How A NASA Scientist Helped Size My Bra

An app called ThirdLove promises to calculate a woman’s bra size using just two tank top-clad iPhone selfies and a bit of technology developed under the supervision of a NASA scientist.


In most contexts, if someone asked me to take a photo of my bust using their iPhone app, I would say no.


But ThirdLove, a retail startup that promises to calculate a woman’s bra size using just two tank top-clad iPhone selfies, has all the signs of a legitimate business: Its cofounder, Dave Spector, is a former partner at Sequoia Capital (he started the company with his equally qualified wife, Heidi Zak). They’ve raised $5.6 million from investors whose names I recognize. And a NASA scientist heads up the engineering team.

So unless this is an overly elaborate plan to relaunch the creepshots subreddit, I figure it’s safe.

The current version of the ThirdLove app (it’s still in private beta) features a tutorial in the voice of a polite but firm woman who sounds a bit like my grade school principal. As instructed, I stand in front of my mirror with my phone at my belly button. “Slightly raise right end of the phone,” she says. Then “slightly raise left end of the phone.” Then, “slightly raise right end of the phone.” After about 50 more rounds of this, there’s a gratifying “Good job” and a countdown to the photo.

Instructions on the screen ask me to line up a box with the iPhone in the photo and to place a line on my chest. Then the principal voice walks me through the same process for a photo from the sideways perspective.

This is where the technology, about which Spector would “prefer not to get into too much detail,” comes in. Ara Nefian, a senior scientist with the Intelligent Robotics Group at NASA Ames Research Center, led the team that developed it. His explanation isn’t much more specific. He says the back end “involves several methods of advanced computer vision, body modeling, and machine learning” and uses the iPhone in each photo as a “calibration object” for estimating the parameters of the camera. Once those parameters are known, it’s possible to accurately measure a 3-D object—in this case, the human body—using a 2-D image.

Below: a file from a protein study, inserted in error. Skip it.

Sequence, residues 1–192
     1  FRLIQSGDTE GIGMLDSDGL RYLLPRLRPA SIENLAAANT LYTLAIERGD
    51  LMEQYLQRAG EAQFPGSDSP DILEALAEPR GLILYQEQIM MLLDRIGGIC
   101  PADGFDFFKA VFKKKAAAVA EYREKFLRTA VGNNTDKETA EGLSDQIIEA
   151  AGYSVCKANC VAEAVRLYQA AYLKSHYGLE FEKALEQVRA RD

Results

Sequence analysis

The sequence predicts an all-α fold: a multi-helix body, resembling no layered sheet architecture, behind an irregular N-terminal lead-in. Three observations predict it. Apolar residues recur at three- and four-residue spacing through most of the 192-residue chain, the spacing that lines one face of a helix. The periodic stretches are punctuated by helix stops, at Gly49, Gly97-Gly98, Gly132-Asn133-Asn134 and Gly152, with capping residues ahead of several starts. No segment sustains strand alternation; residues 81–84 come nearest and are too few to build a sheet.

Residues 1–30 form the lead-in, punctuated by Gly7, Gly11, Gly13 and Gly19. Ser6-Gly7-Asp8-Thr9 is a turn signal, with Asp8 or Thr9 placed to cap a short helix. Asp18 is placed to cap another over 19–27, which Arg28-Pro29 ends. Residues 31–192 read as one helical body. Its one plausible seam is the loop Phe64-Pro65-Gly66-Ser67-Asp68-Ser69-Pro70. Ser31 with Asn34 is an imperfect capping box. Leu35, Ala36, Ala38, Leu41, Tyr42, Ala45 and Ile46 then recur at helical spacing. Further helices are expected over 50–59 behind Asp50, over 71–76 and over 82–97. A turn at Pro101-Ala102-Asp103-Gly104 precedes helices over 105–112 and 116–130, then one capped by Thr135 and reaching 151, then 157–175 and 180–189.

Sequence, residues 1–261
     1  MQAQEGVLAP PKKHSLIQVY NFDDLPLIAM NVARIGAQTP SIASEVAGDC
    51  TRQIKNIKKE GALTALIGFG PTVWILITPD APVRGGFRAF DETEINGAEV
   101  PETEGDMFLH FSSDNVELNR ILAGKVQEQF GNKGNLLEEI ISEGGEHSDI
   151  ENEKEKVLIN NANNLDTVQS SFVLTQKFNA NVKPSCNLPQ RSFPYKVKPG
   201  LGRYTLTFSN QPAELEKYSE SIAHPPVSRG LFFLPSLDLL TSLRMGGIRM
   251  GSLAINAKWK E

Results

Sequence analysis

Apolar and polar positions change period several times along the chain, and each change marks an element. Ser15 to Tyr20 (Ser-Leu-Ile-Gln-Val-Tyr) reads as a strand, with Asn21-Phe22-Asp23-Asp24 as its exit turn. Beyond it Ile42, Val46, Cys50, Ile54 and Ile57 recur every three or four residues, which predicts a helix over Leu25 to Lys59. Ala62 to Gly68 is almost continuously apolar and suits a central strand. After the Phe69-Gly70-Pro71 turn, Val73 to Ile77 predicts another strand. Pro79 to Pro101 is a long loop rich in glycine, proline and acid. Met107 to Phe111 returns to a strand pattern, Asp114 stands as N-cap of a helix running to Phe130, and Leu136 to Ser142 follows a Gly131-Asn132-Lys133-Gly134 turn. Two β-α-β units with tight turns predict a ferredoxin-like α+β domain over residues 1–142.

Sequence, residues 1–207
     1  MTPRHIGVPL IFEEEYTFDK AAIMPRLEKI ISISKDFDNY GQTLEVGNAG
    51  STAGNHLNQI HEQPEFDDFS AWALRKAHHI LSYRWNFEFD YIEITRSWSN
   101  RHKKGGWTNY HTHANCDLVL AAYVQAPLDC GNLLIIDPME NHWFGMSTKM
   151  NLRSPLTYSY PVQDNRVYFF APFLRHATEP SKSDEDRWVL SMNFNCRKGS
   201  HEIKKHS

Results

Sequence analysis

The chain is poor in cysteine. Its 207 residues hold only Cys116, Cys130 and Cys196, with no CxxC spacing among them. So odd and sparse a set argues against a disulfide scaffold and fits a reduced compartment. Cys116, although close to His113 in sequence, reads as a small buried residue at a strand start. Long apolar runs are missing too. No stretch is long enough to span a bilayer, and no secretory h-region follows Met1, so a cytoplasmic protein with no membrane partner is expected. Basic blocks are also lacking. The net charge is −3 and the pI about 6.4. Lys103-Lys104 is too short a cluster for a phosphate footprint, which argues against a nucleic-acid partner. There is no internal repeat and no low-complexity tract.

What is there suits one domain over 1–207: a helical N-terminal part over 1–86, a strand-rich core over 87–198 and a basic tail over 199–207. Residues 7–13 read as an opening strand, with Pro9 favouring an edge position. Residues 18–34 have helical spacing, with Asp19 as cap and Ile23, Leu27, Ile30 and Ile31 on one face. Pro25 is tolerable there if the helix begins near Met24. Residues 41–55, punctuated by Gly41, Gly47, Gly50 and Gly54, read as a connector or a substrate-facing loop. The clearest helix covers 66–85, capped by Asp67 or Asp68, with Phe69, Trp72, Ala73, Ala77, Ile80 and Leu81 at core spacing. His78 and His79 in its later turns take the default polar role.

The result from the user’s perspective is a customized store filled with ThirdLove products in her size. What is that size? It doesn’t say. The presumption is just that everything fits. I won’t find out whether that’s actually the case until I receive the bra in the mail. (Update: It fits)


ThirdLove eventually plans to expand its product line to other types of clothing. Spector says that as more commerce moves to mobile, sizing is a point where a brand can stand out. “If you go into a Hollister store, it’s like you’re at the beach. There are beautiful models walking around. There’s a livestream of the beach in California,” he says. “It’s pretty hard to beat that when you’re working with a flat, two-dimensional 12-inch screen or a smartphone.”

Perhaps because bra fitting is a particularly unpleasant experience (for the unacquainted: cold room, full-length mirror, stranger wrapping you in measuring tape), there are several startups targeting the category with alternative sizing techniques. A startup called True&Co, for instance, uses a quiz to help women shop. Another called Brayola sizes bras by asking women questions about the bras they already have.

ThirdLove is the only solution I can find, however, that employs a team of computer-vision PhDs. It seems a bit like tech overkill for what is a fundamentally an analog problem, but if that’s what it takes, so be it.

Update: A Communications executive at the NASA Ames Research Center reached out to reiterate that Ara Nefian is a contracted researcher and that “No NASA software, technology, equipment or facilities were used in Mr. Nefian’s consulting to Third Love.”

[Bra Image: Olga Drabovich via Shutterstock | Flickr user NASA]

About the author

Sarah Kessler is a senior writer at Fast Company, where she writes about the on-demand/gig/sharing "economies" and the future of work.